This project proposes to leverage massive scale Web 2.0 data for the purpose of automating the identification of design principles for constructing Web 3.0 where online communities serve the dual purpose of learning and work occurring in synergy. Web 2.0 has produced ample evidence that through careful integration of theories with powerful architectures for supporting massive scale communication for the purposes of deliberation, innovation, consensus building, and coordination of action, we can engage the masses in open production communities to architect resources such as Wikipedia, GitHub, and Crowdsourcing Communities like Amazon’s Mechanical Turk. In the same way, networked learning, where the recent phenomenon of Massive Open Online Courses (MOOCs) is one example, and the well established Knowledge Building Communities in connection with the Knowledge Forum is another, pose a corresponding form of online participation where communities of shorter duration form for the purpose of providing a context in which individuals can better themselves. In all cases, the greatest resource lies in the great diversity of perspectives, expertise, skills, and energy of the masses. The data traces from these endeavors provide a valuable resource towards the design of Web 3.0.
What motivates the proposed work is the observation that despite the tremendous potential, the massive resource in crowd power of online communities comes with equally great challenges. Decades of research studying the inner workings of these communities, whether focused on learning, work or a hybrid of the two, has revealed that a careful balance of exploration, consensus building, and coordination do not occur naturally without support. The proposed research will produce design principles and powerful modeling frameworks for development of intelligent support for participation that achieves a careful balance of guidance and self-direction by leveraging existing data from Web 2.0. In particular, a focus of the work will be on modeling the individual differences of participants so that a diverse population of potential participants are equally well supported. In that way, the hope is to leverage not only the typical internet participant of Web 2.0, but to broaden participation in Web 3.0 to accommodate a more diverse population of participants including the underserved.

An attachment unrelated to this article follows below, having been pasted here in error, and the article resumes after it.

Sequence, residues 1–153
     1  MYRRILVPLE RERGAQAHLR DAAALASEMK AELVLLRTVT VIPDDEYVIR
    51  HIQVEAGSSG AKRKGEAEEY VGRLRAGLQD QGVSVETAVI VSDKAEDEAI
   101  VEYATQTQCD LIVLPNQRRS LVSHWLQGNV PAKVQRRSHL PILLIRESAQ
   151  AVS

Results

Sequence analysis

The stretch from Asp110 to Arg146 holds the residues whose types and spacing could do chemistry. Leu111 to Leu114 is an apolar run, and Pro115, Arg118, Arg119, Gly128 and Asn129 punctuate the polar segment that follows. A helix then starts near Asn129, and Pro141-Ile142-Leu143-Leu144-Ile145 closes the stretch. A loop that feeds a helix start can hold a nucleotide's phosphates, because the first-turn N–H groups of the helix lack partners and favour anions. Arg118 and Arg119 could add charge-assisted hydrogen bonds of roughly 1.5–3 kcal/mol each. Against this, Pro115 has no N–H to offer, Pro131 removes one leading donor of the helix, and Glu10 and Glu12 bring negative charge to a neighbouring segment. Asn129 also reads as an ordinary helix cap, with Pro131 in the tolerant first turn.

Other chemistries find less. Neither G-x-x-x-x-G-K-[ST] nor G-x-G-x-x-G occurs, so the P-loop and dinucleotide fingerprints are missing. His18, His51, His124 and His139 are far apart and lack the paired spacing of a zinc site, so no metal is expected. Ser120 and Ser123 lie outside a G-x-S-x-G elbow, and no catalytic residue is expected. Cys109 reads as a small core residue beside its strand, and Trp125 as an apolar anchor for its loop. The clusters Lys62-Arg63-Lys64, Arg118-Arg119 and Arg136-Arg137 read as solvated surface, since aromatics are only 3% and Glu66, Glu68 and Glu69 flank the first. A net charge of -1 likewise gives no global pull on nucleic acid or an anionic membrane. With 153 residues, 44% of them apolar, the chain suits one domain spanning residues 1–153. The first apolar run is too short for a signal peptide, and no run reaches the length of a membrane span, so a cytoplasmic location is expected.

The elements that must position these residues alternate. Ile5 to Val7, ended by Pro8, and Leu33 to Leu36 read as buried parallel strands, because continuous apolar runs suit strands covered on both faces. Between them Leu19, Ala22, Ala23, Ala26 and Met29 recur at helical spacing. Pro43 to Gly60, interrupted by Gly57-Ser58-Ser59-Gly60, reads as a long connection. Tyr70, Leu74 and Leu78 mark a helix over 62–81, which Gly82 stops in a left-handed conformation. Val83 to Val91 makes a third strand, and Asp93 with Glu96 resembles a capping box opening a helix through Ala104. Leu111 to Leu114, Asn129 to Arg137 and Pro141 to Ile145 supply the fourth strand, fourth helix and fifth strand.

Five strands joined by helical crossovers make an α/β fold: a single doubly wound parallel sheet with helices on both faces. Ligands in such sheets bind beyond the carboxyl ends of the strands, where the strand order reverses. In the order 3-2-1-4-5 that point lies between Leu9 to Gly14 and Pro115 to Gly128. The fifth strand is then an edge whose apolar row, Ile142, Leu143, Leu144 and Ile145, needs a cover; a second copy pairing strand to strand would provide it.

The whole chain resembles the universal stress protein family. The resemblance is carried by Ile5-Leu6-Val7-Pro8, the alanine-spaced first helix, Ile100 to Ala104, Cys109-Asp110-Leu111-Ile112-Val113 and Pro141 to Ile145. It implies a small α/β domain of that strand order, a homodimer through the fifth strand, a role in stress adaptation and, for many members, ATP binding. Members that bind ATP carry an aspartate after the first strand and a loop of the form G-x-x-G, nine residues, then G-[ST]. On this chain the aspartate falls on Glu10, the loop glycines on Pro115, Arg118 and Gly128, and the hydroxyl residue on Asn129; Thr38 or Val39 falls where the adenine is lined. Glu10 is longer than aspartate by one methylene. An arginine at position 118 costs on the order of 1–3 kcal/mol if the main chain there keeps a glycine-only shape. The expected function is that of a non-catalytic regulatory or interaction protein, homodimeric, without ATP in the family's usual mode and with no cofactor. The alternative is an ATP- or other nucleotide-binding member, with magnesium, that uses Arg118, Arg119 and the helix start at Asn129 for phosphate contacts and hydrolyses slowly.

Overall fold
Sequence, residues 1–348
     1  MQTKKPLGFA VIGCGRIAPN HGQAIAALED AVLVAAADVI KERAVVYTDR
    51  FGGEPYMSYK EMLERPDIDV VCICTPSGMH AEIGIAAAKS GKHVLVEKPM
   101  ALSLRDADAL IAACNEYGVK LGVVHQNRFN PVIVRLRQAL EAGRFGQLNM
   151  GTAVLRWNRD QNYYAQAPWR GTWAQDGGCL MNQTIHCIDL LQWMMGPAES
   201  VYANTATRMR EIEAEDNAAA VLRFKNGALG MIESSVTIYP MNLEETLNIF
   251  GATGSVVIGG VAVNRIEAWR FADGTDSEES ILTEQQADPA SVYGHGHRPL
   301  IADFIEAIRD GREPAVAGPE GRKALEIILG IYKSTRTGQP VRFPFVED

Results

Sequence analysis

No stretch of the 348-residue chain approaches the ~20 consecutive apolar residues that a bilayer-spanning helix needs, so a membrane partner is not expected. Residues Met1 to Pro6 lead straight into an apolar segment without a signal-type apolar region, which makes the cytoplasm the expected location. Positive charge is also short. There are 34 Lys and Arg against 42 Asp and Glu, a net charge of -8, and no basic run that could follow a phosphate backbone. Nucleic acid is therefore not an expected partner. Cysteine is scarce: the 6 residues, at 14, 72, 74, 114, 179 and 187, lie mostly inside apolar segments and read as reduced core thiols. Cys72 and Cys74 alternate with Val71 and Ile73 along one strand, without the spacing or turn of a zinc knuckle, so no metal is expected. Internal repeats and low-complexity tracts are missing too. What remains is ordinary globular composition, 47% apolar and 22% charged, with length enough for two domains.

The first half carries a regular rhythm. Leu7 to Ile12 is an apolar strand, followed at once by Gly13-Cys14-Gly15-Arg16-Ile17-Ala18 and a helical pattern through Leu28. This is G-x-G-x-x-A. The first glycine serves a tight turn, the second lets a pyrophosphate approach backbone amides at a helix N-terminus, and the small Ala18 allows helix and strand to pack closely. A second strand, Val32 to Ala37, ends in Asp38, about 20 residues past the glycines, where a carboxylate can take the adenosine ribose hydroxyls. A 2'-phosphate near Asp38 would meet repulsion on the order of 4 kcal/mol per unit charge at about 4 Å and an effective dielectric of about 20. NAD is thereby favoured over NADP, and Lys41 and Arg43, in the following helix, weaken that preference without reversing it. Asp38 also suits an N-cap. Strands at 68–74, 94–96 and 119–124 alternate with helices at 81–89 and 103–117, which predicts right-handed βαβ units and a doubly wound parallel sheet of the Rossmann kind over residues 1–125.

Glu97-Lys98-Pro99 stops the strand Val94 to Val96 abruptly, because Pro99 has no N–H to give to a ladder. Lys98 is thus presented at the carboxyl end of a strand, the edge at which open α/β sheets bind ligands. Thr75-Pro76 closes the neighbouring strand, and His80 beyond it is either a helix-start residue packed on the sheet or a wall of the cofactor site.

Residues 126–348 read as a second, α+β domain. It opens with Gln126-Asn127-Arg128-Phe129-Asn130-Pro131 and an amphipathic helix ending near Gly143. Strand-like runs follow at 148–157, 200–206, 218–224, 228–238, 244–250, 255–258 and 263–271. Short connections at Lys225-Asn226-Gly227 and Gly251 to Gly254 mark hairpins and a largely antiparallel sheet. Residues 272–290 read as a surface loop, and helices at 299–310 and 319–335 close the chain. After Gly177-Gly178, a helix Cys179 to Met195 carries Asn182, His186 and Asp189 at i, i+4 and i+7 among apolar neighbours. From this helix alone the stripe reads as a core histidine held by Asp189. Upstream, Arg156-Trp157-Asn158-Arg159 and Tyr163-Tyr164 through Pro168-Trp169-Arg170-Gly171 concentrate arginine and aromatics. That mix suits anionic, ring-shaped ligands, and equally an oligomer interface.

This proposal brings together leading researchers in the areas of Language Technologies, Human-Computer Interaction, Computer Supported Cooperative Work, Computer Supported Collaborative Learning, and Education to attack this problem with a multidisciplinary three pronged approach. In particular, the proposed research program is to: (1) Lay a foundation in a versatile data infrastructure that will enable integration of heterogenous data sources related to discussion and work coordination; (2) Build and interpret models of group and community interactions in learning and work settings that link processes with outcomes in order to identify sets of functional behavior profiles that together form the foundation for support of on boarding, participation, productivity, and mentoring; and (3) Apply interpretation of models to empirically grounded principles that motivate the design of online communities that are conducive to learning and work.